As indicated above, the coating material may be applied either as a neat liquid as well as in the form of a solution. Neither of the two coating techniques is preferred over the other. Whether the material is applied as a neat liquid or from a solution, a tough durable coating quickly forms and the coating is strongly bonded to the propellant grain. Nor is one possible molecular weight of coating material preferred over another. All work equally well as long as the molecular weight is in the 2000 to 3000 range.

The coating tends to (1) lower peak pressure and (2) flatten out the pressure-time curve. That is, pressure in the chamber builds up to a lower peak but lasts longer than in the case when uncoated propellant is used. The lower peak pressure has the advantage of decreasing throat erosion which permits the use of thinner and thus lighter chambers. This also has the advantage of increasing the efficiency of the propellant.

When one coats the propellant with a polymer according to this invention, propellants are attained which permit the use of guns which are lighter. Another result is that the projectiles are fired with higher velocities.

If a solution is used to apply the coating, any solvent which will dissolve the oligomer, not react adversely with the propellant and which will evaporate fairly rapidly may be used. Examples of suitable solvents include methanol and ethanol.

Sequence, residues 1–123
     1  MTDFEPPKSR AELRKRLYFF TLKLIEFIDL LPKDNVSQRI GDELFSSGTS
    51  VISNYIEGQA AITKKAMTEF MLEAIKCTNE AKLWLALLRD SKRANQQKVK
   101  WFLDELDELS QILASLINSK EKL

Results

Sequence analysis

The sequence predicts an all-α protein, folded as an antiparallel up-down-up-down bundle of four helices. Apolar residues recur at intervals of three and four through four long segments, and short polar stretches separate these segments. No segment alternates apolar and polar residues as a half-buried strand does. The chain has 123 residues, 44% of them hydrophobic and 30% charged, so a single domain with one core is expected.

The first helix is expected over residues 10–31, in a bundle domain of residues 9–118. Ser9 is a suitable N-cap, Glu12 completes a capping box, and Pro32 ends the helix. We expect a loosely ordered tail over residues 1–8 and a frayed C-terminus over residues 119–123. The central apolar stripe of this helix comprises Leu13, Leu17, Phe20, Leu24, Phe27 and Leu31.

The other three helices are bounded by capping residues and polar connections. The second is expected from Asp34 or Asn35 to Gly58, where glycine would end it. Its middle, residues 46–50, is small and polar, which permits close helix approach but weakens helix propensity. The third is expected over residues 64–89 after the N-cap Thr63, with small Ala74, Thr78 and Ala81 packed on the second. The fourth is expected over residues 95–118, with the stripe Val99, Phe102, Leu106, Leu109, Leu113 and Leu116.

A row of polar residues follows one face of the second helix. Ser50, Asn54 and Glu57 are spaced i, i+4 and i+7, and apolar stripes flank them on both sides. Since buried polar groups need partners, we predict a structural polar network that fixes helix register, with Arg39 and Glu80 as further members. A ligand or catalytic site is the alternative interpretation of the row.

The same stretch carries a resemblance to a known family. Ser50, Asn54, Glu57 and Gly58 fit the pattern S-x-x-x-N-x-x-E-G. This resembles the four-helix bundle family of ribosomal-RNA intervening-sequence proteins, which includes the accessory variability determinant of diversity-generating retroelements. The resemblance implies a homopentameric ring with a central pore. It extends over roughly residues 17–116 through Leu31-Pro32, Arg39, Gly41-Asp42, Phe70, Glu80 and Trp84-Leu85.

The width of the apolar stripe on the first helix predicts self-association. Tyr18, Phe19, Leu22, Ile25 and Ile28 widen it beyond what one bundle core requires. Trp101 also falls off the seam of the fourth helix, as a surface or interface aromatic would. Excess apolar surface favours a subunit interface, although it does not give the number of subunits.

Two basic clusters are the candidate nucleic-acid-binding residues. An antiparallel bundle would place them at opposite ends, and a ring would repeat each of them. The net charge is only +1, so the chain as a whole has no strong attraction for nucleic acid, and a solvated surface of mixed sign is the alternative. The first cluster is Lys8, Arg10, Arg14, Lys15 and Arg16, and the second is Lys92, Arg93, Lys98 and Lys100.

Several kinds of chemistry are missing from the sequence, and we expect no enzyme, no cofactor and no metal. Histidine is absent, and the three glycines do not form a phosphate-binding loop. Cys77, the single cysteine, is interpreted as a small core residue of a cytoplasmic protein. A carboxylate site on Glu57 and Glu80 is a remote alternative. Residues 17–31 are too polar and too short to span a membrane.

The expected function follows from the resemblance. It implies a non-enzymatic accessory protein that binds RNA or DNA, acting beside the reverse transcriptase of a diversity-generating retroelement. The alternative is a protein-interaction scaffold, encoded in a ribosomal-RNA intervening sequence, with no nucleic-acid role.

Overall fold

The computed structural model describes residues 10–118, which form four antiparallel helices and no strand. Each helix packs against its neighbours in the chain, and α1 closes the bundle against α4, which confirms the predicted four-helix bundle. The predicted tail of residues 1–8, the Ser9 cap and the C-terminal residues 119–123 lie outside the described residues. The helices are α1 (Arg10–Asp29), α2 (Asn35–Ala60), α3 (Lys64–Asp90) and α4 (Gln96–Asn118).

Patent Citations
Cited PatentFiling datePublication dateApplicantTitle
US3137741 *Mar 2, 1961Jun 16, 1964Charles D CoxBottom casting process using coated double base propellant granules
US3665862 *Mar 8, 1962May 30, 1972Dow Chemical CoCaseless rocket containing silane polymer
US3767488 *Feb 15, 1972Oct 23, 1973Us ArmyPressure sensitive explosive with organosilane coating
US3948697 *Jul 11, 1973Apr 6, 1976Rockwell International CorporationGum propellant grains with inhibitor coating
US3984264 *Apr 1, 1969Oct 5, 1976The United States Of America As Represented By The Secretary Of The ArmyHigh energy, crosslinked
US3985592 *Jun 11, 1968Oct 12, 1976Imperial Chemical Industries LimitedLayer of silicone
Referenced by
Citing PatentFiling datePublication dateApplicantTitle
US4701227 *Feb 5, 1987Oct 20, 1987Loverro Jr Nicholas PAmmonium nitrate explosive compositions
US6692655Mar 9, 2001Feb 17, 2004Alliant Techsystems Inc.Method of making multi-base propellants from pelletized nitrocellulose
Classifications
U.S. Classification149/11, 149/10, 149/9
International ClassificationC06B45/22, C06B21/00
Cooperative ClassificationC06B21/0083, C06B45/22
European ClassificationC06B21/00D, C06B45/22